The first act to perform was The Cairo Big Band – a group usually consisting of 16 members – established and lead by Hesham Galal on Piano. They performed a set of Jazz covers, some featuring Amr Yehia on Vocals, and were joined by the Alexandrian band Massar Egbari for an exclusive performance of a new track soon to be released by Massar Egbari. It was my first time hearing either band live and I was impressed by the level of musicianship displayed. The big band sound was tight and well-rounded but their stage presence was lacking. Half the musicians were not visible on stage, either being blocked by other musicians or by the grand piano on stage – this could’ve been easily fixed with the use of risers on stage to create two or three different levels. Amr Yehia’s vocals were beautiful he displayed a good grasp of the genre but I felt no real connection with him as a performer – in contrast with seeing him perform at a wedding a couple of years ago where I thought he had great showmanship. Transitions between songs were not smooth, leaving awkward silences as the audience waiting which could have easily been filled by either Hesham Galal or Amr Yehia saying a few words or at least introducing the next track and sharing it’s name with the audience. Massar Egbari’s guest performace was a much welcomed break within the slight monotonous feel of the set and definitely refreshed the audience.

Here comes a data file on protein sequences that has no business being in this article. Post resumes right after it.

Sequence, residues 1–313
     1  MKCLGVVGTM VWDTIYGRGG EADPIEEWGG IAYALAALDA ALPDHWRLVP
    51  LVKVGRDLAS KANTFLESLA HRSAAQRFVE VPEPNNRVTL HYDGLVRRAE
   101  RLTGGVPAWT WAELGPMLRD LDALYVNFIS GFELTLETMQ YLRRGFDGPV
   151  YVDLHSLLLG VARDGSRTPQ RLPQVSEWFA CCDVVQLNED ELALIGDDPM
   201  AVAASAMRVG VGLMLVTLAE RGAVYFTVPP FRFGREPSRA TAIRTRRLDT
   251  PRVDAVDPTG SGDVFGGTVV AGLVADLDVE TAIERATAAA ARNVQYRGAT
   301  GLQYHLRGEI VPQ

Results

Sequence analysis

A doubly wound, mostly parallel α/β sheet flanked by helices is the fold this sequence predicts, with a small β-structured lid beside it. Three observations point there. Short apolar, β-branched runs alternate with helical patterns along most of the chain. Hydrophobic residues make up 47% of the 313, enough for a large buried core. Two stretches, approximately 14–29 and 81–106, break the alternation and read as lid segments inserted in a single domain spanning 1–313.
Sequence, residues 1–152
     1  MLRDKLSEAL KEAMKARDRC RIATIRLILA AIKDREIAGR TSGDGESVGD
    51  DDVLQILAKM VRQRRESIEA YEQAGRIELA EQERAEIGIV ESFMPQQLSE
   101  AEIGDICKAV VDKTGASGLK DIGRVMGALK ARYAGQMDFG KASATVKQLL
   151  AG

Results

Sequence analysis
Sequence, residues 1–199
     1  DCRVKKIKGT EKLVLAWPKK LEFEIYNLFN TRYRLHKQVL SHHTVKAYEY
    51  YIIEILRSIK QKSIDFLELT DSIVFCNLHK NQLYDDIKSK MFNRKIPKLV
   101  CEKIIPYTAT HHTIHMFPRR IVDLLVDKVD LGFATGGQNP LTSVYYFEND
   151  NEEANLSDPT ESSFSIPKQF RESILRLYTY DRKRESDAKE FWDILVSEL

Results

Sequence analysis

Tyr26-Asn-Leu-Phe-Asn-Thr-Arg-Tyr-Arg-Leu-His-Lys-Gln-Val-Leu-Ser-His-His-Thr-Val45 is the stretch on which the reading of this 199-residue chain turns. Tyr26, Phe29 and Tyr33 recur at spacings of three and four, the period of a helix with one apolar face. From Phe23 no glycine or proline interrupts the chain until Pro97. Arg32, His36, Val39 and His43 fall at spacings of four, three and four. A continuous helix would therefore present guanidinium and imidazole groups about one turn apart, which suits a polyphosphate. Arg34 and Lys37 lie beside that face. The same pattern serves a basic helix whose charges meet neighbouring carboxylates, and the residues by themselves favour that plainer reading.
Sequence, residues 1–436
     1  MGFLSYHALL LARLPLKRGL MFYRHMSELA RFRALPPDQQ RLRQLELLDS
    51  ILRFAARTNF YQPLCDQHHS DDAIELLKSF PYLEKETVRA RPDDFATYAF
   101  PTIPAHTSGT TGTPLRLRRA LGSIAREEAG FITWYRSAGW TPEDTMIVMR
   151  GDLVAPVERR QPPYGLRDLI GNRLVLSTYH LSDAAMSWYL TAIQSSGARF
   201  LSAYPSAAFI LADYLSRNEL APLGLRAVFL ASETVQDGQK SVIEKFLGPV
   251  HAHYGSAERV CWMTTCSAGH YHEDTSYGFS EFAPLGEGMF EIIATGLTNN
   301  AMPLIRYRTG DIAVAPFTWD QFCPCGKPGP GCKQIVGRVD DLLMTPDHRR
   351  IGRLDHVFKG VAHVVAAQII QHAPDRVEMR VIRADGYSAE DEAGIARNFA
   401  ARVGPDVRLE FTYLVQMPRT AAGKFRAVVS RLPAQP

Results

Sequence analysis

The change-overs between each set were not very quick ones but seemed organised. The audience were informed that they were free to exit the hall if they wished to do so and perhaps get a coffee or something, however only the university cafeteria was offering any refreshments and closed up before the second interval/change-over.
The Mathias Heise Quadrillion – introduced by Amr Yehia – a four piece band hailing from Denmark were the second act to perform. Their music was a jazz-rock fusion of original compositions featuring guitar, bass, drums, keys and harmonica. Their stage presence was almost tangible. They performed with such livelihood and passion – in stark contrast to the previous set – and truly looked like they were immersed in the music and enjoying it. Their tracks were beautifully executed compositions with clear influences of Herbie Hancock and the Weather Report as stated by them. I found myself getting lost in the sonic world they created and gently smiling with bliss.